Raw milk sales will soon be legal in Iowa, joining most of Midwest. But health experts offer caution
Iowa is the latest state to legalize the sale of raw milk, which comes directly from cows without any pasteurization. While nearly every Midwestern state allows such sales, some health experts caution there are health risks to drinking it.
Jennifer Harvey and her family love to drink raw milk. They even use it in the dairy products they make, such as cheese and butter.
“I wouldn't say it's overly sweet,” Harvey said, “but it's sweeter than what you would get in the store.”
It’s been a little more than a year since the family, who live in Peru, Iowa, got two Jersey cows. The family produces a lot of their own food, and Harvey said she wanted access to raw milk with high butterfat content.
Raw milk comes directly from a cow, sheep or goat and hasn’t been pasteurized to remove bacteria that can cause illness. The U.S. Food and Drug Administration banned the sale of raw milk across state lines in 1987 and cautions consumers that harmful bacteria may remain in unpasteurized milk.
But states can make their own laws. Nebraska, Kansas, Missouri, Oklahoma and Illinois allow the sale of raw milk on farms, but with various requirements. Now Iowa is the latest state to legalize selling raw milk directly from farms, to Harvey’s delight.
Gov. Kim Reynolds signed a bill into law on Thursday, despite opposition from dairy groups such as the Iowa State Dairy Association and Iowa Dairy Foods Association. The law goes into effect July 1.
Mark McAfee, the chairman and founder of Raw Milk Institute in Fresno, California, says 11 U.S. states, mostly on the coasts, allow raw milk to be purchased at a store. Other states, including North Dakota, have laws about herdshares — agreements between farmers and livestock owners for raw milk and meat.
“We believe that raw milk should be accessible to people,” McAfee said. “But only — and this is super important — only if produced with high standards specific for raw milk for people.”
Midwestern states, McAfee said, have lagged behind the East and West Coasts in legalizing raw milk. “They’re extremely slow,” he said.
McAfee says the benefits of raw milk include decreased rates of asthma, ear infections and common colds.
The Iowa State Dairy Association opposes the sale of raw milk directly to consumers.
Executive Director Mariah Busta said Iowa’s nearly 800 licensed and inspected dairy farms abide by strict guidelines to ensure the pasteurized milk they’re producing is safe for human consumption.
But the standards for selling raw milk, she said, are more lenient than the standards the dairy industry has to follow to get their product to the market.
“Producers selling raw milk will not have to abide by the same quality and safety control measures as our licensed and inspected dairy farms,” Busta said in an email.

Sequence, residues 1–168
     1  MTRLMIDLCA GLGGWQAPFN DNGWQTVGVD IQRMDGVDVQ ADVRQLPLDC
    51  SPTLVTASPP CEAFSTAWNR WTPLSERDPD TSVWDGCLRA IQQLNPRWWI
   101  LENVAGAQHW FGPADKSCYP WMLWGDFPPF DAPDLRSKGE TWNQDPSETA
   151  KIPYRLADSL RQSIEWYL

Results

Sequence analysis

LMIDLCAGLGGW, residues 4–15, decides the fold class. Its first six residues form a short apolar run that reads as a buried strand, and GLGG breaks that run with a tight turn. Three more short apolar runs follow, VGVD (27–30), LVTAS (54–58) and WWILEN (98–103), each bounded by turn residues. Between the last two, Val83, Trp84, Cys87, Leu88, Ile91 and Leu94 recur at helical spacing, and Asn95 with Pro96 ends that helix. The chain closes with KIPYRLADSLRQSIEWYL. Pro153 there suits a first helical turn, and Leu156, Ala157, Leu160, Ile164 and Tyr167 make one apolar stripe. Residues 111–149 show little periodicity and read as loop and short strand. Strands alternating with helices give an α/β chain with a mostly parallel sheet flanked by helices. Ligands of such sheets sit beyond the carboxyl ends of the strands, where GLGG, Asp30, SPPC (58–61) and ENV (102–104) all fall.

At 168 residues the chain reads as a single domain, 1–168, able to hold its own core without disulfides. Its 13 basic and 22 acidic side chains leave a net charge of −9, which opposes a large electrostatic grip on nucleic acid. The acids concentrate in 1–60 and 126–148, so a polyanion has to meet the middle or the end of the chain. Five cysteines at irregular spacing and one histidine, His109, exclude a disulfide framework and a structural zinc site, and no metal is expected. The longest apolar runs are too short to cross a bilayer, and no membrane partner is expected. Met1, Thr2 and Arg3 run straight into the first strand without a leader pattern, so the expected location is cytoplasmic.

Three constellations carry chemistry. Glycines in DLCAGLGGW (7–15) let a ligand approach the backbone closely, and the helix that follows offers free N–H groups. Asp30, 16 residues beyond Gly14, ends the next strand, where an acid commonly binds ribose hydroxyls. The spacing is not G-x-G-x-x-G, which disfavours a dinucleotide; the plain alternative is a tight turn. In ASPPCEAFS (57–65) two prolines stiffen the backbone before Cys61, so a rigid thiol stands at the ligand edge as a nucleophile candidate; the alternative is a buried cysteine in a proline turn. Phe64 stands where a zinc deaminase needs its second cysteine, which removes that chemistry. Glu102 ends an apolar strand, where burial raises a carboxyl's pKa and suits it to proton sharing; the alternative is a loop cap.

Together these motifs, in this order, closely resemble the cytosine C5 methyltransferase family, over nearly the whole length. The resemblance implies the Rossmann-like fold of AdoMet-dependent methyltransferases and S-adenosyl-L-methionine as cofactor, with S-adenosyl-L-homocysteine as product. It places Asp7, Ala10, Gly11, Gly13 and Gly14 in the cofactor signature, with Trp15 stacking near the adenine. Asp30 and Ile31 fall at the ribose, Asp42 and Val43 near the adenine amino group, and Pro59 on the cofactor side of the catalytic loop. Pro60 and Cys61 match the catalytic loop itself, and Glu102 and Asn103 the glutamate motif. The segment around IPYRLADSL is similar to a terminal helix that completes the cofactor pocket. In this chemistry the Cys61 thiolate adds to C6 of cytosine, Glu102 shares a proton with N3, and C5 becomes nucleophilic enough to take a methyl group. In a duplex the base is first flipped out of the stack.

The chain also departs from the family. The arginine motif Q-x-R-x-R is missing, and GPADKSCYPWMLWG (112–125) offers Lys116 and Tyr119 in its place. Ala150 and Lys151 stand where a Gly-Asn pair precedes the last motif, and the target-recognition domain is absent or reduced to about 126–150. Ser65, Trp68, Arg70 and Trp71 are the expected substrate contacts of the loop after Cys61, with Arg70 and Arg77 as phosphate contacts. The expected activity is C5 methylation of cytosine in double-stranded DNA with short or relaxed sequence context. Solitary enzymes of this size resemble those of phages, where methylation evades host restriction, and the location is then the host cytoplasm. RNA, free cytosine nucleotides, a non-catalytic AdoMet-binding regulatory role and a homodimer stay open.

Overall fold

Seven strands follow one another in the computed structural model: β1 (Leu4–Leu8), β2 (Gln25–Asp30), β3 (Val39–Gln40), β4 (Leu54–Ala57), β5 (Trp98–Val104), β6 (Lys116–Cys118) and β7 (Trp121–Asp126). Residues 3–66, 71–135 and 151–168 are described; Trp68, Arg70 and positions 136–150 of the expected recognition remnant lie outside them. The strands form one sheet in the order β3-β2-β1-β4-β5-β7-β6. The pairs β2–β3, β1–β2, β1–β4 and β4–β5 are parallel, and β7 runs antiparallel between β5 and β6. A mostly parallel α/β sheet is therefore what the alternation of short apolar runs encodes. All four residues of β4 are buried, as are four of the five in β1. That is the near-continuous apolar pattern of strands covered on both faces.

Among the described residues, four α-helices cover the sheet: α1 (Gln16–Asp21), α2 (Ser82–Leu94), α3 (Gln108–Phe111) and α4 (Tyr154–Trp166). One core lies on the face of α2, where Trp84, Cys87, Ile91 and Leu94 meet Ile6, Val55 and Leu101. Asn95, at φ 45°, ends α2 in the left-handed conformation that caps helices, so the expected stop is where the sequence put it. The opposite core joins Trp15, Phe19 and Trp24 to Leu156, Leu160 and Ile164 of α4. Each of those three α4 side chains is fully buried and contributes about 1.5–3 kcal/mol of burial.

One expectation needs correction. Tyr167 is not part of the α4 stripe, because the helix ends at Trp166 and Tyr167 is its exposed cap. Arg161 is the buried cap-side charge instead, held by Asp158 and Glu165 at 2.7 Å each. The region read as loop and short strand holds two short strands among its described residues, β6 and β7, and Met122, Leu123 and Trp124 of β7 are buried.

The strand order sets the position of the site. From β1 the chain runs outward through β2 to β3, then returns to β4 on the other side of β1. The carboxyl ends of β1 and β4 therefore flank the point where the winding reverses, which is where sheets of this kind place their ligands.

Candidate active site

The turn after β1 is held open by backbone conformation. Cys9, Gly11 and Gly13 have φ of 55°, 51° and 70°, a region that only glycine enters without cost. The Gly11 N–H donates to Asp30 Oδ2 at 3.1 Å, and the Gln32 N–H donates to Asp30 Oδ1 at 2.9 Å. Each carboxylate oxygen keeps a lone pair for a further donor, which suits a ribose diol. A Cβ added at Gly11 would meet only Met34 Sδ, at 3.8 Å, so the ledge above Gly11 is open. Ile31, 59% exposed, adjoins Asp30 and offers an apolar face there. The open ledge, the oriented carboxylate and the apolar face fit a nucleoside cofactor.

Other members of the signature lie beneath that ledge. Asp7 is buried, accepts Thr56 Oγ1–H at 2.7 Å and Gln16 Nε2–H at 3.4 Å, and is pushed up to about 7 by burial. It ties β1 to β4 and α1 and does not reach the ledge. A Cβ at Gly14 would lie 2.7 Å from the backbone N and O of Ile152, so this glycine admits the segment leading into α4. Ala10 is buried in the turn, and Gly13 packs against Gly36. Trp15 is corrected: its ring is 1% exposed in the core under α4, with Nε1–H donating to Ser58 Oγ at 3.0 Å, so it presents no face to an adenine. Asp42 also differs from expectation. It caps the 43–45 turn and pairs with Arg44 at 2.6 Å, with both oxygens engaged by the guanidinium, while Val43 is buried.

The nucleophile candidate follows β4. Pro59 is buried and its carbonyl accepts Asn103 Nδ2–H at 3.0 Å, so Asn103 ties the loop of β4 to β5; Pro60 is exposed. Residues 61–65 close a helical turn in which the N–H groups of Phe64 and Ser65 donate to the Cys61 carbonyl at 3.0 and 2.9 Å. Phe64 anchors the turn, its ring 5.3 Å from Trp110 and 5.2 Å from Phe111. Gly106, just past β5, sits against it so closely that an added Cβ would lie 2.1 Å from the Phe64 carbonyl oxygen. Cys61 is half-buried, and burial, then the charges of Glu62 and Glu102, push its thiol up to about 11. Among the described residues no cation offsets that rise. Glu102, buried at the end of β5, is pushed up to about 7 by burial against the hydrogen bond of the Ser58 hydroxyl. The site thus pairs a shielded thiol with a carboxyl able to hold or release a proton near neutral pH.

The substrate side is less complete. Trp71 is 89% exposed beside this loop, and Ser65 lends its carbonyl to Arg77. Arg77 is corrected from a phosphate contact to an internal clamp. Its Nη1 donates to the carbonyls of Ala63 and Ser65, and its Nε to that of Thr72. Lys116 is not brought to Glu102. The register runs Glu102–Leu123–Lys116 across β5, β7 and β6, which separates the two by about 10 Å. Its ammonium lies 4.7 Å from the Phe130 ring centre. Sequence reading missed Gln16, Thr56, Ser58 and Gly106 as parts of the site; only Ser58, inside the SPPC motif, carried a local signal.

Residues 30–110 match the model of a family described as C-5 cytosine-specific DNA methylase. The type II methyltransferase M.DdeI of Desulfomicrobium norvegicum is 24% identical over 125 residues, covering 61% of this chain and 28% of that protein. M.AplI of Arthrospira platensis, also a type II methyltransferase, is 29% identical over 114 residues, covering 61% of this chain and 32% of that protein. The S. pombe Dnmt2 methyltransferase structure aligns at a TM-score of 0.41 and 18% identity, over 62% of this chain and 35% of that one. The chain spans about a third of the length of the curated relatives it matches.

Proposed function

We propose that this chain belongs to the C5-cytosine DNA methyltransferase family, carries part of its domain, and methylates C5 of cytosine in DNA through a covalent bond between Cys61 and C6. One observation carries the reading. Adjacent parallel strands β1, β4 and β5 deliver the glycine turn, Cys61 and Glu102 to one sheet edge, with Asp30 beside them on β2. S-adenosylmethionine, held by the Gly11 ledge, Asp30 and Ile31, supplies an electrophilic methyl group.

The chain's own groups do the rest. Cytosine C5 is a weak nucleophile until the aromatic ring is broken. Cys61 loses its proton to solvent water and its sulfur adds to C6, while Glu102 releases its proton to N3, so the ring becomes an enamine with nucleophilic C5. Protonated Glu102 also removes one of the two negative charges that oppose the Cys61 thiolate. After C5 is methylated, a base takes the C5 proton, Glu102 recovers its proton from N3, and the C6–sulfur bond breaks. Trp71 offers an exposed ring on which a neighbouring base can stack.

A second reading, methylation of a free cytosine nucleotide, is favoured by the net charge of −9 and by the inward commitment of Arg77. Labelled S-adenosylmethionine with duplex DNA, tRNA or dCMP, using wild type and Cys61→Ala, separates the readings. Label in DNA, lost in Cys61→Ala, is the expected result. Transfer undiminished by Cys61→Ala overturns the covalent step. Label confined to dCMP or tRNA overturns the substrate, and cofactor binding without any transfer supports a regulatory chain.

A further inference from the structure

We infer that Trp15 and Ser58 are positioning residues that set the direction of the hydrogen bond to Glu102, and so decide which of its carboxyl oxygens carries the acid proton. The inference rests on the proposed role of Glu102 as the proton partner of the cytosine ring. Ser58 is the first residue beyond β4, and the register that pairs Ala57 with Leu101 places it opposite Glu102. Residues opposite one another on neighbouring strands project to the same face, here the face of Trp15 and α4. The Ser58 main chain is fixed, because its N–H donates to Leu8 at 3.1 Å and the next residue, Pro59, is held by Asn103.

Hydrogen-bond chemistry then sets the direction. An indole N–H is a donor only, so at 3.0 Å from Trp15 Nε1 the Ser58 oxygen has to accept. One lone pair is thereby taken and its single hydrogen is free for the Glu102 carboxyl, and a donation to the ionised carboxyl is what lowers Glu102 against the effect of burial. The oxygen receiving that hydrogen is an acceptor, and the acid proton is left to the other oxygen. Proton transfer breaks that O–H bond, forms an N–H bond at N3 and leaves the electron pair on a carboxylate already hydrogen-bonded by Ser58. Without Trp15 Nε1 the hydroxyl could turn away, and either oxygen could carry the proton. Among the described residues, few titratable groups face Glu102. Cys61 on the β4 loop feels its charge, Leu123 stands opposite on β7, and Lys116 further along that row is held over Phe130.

The association also worries about the potential health risks of drinking raw milk.
The Centers for Disease Control and Prevention reported from 1998-2018, there were more than 200 outbreaks and more than 2,600 outbreak-associated illnesses linked to drinking raw milk. Some health experts caution against drinking it.
Angela Anandappa, the founder of the Alliance for Advanced Sanitation, said she worries state laws that allow raw milk sales put vulnerable people at risk of salmonella, E.coli, or even tuberculosis.
“Primarily children and young children who don’t have the choice to make that decision for themselves,” Anandappa said. “They’re the ones who are going to be exposed to this milk. It’s a public health risk that is opening the door for more and more cases of illness.”
States do regulate the sale of raw milk in an effort to protect consumers. In Illinois, for instance, raw milk producers need a permit from the state’s health department to sell unpasteurized milk on their dairy premises and the milk can only be sold within five days after it’s been produced. In Iowa, the new law states once it’s been seven days since it came from the cow, the raw milk won’t be able to be distributed.
Jennifer Harvey said she and her family have never gotten sick from drinking raw milk. They usually try to drink it within five days of obtaining it from their cows.
“I’ve had it last up to 12 days and been perfectly fine,” Harvey said, “and it had a great taste to it still.”
Still, she has some words of caution for people who might buy raw milk.
“Do your homework and do your due diligence,” she said, “to make sure that you’re getting milk from a reliable source, from someone that’s trustworthy.”
This story was produced in partnership with Harvest Public Media, a collaboration of public media newsrooms in the Midwest. It reports on food systems, agriculture and rural issues.